Please use this identifier to cite or link to this item: http://hdl.handle.net/1893/30581
Appears in Collections:Psychology Journal Articles
Peer Review Status: Refereed
Title: Dissociable effects of prediction and integration during language comprehension: evidence from a large-scale study using brain potentials
Author(s): Nieuwland, Mante S
Barr, Dale J
Bartolozzi, Federica
Busch-Moreno, Simon
Darley, Emily
Donaldson, David I
Ferguson, Heather J
Fu, Xiao
Heyselaar, Evelien
Huettig, Falk
Husband, E Matthew
Ito, Aine
Kazanina, Nina
Kogan, Vita
Kohut, Zdenko
Keywords: plausibility
predictability
N400
semantic similarity
Issue Date: Feb-2020
Citation: Nieuwland MS, Barr DJ, Bartolozzi F, Busch-Moreno S, Darley E, Donaldson DI, Ferguson HJ, Fu X, Heyselaar E, Huettig F, Husband EM, Ito A, Kazanina N, Kogan V & Kohut Z (2020) Dissociable effects of prediction and integration during language comprehension: evidence from a large-scale study using brain potentials. Philosophical Transactions B: Biological Sciences, 375 (1791), Art. No.: 20180522. https://doi.org/10.1098/rstb.2018.0522
Abstract: Composing sentence meaning is easier for predictable words than for unpredictable words. Are predictable words genuinely predicted, or simply more plausible and therefore easier to integrate with sentence context? We addressed this persistent and fundamental question using data from a recent, large-scale (n = 334) replication study, by investigating the effects of word predictability and sentence plausibility on the N400, the brain's electrophysiological index of semantic processing. A spatio-temporally fine-grained mixed-effect multiple regression analysis revealed overlapping effects of predictability and plausibility on the N400, albeit with distinct spatio-temporal profiles. Our results challenge the view that the predictability-dependent N400 reflects the effects of either prediction or integration, and suggest that semantic facilitation of predictable words arises from a cascade of processes that activate and integrate word meaning with context into a sentence-level meaning.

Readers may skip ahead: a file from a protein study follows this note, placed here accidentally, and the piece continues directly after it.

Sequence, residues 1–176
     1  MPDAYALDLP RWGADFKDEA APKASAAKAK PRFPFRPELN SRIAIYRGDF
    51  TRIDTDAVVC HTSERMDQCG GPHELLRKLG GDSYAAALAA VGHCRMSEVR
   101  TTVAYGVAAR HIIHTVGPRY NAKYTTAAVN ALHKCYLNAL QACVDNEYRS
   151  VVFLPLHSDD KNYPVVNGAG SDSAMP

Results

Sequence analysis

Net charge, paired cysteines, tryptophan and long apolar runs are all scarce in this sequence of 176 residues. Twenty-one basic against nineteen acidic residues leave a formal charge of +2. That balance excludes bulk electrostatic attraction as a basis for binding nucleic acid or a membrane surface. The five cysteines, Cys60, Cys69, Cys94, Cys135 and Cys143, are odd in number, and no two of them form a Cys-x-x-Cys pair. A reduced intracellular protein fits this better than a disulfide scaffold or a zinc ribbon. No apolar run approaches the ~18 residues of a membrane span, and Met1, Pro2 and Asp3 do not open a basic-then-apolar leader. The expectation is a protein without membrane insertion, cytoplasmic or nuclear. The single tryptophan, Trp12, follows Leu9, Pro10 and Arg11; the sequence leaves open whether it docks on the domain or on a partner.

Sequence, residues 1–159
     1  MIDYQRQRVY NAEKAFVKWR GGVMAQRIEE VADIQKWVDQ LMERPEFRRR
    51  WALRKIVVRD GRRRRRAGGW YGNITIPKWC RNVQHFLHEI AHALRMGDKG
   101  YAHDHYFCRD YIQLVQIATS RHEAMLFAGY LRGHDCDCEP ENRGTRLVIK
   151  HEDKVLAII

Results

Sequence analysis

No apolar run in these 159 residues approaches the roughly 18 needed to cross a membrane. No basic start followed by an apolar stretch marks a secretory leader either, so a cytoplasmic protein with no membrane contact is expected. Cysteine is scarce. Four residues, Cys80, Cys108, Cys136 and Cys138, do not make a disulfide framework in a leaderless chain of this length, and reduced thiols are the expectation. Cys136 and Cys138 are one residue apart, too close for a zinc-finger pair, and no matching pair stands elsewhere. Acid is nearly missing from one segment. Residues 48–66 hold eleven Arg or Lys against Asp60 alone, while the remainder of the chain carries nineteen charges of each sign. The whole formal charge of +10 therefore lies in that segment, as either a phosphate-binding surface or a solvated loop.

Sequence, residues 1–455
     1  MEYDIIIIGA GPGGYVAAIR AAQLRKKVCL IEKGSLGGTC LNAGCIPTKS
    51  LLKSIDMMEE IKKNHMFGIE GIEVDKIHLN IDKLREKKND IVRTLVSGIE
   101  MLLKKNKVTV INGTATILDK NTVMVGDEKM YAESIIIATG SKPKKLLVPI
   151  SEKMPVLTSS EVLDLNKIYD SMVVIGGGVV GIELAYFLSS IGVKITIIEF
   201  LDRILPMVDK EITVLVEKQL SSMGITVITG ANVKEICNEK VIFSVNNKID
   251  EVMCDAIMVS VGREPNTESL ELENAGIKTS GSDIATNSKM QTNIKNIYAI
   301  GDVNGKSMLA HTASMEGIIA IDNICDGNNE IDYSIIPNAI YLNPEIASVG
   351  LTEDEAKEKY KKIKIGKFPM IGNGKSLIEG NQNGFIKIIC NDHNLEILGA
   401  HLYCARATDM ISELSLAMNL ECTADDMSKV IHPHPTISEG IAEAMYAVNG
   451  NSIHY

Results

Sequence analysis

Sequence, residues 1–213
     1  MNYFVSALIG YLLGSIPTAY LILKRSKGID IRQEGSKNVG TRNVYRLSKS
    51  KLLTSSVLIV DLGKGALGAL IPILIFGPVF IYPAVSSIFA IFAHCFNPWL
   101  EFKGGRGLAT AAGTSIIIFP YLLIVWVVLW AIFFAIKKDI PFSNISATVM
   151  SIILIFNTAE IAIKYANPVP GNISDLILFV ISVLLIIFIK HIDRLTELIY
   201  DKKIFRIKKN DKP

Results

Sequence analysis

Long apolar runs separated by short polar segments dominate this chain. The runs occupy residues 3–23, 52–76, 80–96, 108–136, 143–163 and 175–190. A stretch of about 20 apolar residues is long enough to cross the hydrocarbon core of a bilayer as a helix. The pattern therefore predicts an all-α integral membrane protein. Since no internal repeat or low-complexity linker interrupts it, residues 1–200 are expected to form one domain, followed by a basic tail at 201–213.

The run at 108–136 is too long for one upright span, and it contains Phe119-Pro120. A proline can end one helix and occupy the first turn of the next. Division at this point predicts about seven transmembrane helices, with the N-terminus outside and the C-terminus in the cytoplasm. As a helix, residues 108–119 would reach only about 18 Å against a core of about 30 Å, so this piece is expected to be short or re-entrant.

DOI Link: 10.1098/rstb.2018.0522
Rights: Publisher policy allows this work to be made available in this repository. Published in Philosophical Transactions B: Biological Sciences by The Royal Society. The original publication is available at: https://doi.org/10.1098/rstb.2018.0522
Notes: Additional co-authors: Eugenia Kulakova, Diane Mézière, Stephen Politzer-Ahles, Guillaume Rousselet, Shirley-Ann Rueschemeyer, Katrien Segaert, Jyrki Tuomainen and Sarah Von Grebmer Zu Wolfsthurn
Licence URL(s): https://storre.stir.ac.uk/STORREEndUserLicence.pdf

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